Bishop Gerald Kicanas was in Israel meeting with other bishops when tragedy struck Tucson on Saturday morning.
“I broke down when I heard in Jerusalem the horrific news of the shootings in Tucson. I said ‘That could not be,’ ” he wrote in a homily.
Tuesday evening, Kicanas came to St. Odilia Church, just blocks from the shooting scene, to try to reassure the hundreds of people gathered for a “Mass for the Healing of Our Community” that God had not abandoned them — that He “stands by us, walks with us, holds us in the palm of His hand.”
The church holds 700 and its pews were filled, many more people watched the Mass from the parish hall. The bishop also led an interfaith service earlier in the evening across town.
Kicanas, leader of Roman Catholic Diocese of Tucson, urged those in attendance at St. Odilia to use the tragedy to “commit our efforts to rid our communities of violence and all that causes it.”
The six killed are with God, he said. “He knows Christina, John, Gabe, Dorwan, Phyllis and Dorothy by name,” he said. “He receives them and welcomes them home.”
Kicanas offered prayers for those wounded, mentioning by first name U.S. Rep. Gabrielle Giffords and Ron Barber, her district director.
Kicanas said “God does vigil by those harmed, especially Gabrielle and Ron, still in intensive care, and all the other injured. He loves and cares for each of them. He wills their full recovery.”
Kicanas said he visited University Medical Center and spoke with Barber and Giffords’ husband, Mark Kelly.
Father Richard Troutman, pastor of St. Odilia, said before Mass that he also prayed for the parents of Jared Lee Loughner, the 22-year-old-man charged in the shootings. “They must feel terrible,” he said.
Loughner can be forgiven, he said. “You can forgive someone who certainly must pay civil penalties.”
Forgiveness was also on the mind of Julieta Gonzalez, flautist at the Mass, who said she has been a friend of Barber’s since the 1980s.
She said the most difficult command Jesus gave was in the words of the “Our Father” — “To forgive those who have trespassed against us.”
“As Catholics and as Tucsonans, we need to turn the anger into love and positive action,” she said.
That was also a theme of Kicanis’ homily. He said God will judge our worth “by how we react and relate to each other. We are to resist evil, to live with integrity, to speak with civility and respect,” he said.
The names of two of those slain — Christina-Taylor Green and John Roll were uppermost on the minds of many attending the Mass.
Roll, a federal judge, attended church at St. Thomas the Apostle, where he served as a lector, reading from scripture during the celebration of Mass.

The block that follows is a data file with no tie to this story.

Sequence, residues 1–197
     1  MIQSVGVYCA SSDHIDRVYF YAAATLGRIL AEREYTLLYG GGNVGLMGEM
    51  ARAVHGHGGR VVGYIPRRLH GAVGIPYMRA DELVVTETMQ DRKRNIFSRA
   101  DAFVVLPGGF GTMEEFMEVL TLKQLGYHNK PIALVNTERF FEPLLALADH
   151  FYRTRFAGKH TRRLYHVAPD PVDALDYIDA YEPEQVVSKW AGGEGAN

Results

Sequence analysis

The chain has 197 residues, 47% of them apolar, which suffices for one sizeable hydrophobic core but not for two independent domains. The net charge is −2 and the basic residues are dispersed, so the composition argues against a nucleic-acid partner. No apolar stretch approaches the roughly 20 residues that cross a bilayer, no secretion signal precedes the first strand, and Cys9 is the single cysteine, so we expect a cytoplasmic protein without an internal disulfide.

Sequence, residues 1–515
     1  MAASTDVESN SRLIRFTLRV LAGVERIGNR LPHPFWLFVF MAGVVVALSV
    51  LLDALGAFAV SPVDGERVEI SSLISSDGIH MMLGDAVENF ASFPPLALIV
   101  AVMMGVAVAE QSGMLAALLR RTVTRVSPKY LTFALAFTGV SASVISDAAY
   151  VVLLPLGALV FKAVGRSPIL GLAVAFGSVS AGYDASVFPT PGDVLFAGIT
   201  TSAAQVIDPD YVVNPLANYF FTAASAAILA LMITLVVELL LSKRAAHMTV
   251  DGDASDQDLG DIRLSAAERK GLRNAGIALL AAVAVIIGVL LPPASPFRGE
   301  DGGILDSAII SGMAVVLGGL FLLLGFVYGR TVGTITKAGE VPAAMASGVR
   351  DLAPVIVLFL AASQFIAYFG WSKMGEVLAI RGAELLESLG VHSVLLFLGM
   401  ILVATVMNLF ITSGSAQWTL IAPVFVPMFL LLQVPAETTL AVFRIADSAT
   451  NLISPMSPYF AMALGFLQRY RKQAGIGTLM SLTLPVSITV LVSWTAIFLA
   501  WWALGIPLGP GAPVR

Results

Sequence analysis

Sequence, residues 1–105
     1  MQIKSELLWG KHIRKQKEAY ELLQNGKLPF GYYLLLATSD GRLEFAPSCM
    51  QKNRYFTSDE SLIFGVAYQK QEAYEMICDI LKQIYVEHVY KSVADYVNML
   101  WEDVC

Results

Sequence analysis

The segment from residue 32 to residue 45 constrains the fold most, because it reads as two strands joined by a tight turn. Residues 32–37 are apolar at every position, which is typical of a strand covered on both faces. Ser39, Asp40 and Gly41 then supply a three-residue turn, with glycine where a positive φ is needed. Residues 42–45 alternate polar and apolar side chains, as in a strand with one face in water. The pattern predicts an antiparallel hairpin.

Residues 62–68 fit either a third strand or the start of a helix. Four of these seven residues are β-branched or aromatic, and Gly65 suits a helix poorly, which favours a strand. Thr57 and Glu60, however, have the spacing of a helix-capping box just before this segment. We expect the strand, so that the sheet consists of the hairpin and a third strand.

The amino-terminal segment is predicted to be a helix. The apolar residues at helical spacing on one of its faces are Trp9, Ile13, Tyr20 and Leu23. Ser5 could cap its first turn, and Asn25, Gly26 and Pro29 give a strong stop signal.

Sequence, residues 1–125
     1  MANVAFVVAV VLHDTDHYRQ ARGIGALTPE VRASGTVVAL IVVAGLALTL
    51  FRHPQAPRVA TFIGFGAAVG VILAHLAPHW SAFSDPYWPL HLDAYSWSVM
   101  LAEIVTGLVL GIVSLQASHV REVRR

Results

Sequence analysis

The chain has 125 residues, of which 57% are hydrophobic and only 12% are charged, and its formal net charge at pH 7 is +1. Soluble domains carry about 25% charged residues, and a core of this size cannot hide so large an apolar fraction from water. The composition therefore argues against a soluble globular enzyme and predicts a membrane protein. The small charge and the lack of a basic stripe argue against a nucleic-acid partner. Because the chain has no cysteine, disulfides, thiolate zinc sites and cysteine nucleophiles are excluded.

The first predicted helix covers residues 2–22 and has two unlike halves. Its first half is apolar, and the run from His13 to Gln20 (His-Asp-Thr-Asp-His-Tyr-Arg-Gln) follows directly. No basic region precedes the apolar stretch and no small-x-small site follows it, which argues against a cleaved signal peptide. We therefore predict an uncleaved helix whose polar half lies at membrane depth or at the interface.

Nine-year-old Christina sang in St. Odilia’s children’s choir.
“She had a beautiful voice,” said Giselle Muñoz, 10, who added without prompting. “She was way too young. It is sad.”
Muñoz had been brought to the Mass by her father Robert Muñoz, because he wanted his three children and his niece to “see and feel what had happened.”
The girls regularly attend the Sunday children’s Mass at St. Odilia and enjoyed the singing of Christina and the “Joyful Noise” choir.
On Tuesday, the choir brought the audience to tears as it sung “Amazing Grace” and “Here I am Lord.”
“Christina — she sang with those young girls, I know she is singing with us tonight,” Kicanas said.
Muñoz’s niece, Megan Huerta, a 20-year-old religious instructor at the parish, said the incident became very real to her on Sunday, when her fifth-grade students had to pass by the Safeway, where the shootings occurred, to get to class.
“We wrote letters to Christina’s family,” she said. “We are here tonight to celebrate and honor her.”
Christina’s mother, Roxanna Green, and family members of Roll were in attendance at the Mass. Ben Zimmerman, the brother of Gabe Zimmerman, one of the six killed, was also there.
Dozens of people also attended an interfaith service earlier in the evening at Catalina United Methodist Church, 2700 E. Speedway, to mourn, heal and pray for hope.
The service featured songs, prayers, scripture readings and words of encouragement from clergy representing different faiths.
The names of the dead were read, with a bell toll after each name.
Kicanas said the shootings presented an opportunity for people to put aside their differences.
“The beautiful thing about tragic moments is that they’ve called us together,” he said. “May this tragic moment lead us to reflect on how we can live together and stand up to senseless violence.”
Deane Ford, who attended the service, said Giffords has helped her hold onto her belief in government.
“I think for some, you can unite people through hate and you can also unite people through love,” Ford said. “Giffords wants to unite people through love. This tragedy is the result of those who want to unite through hate.”
Reporter Jamar Younger contributed to this story. Contact reporter Tom Beal at firstname.lastname@example.org or 573-4158.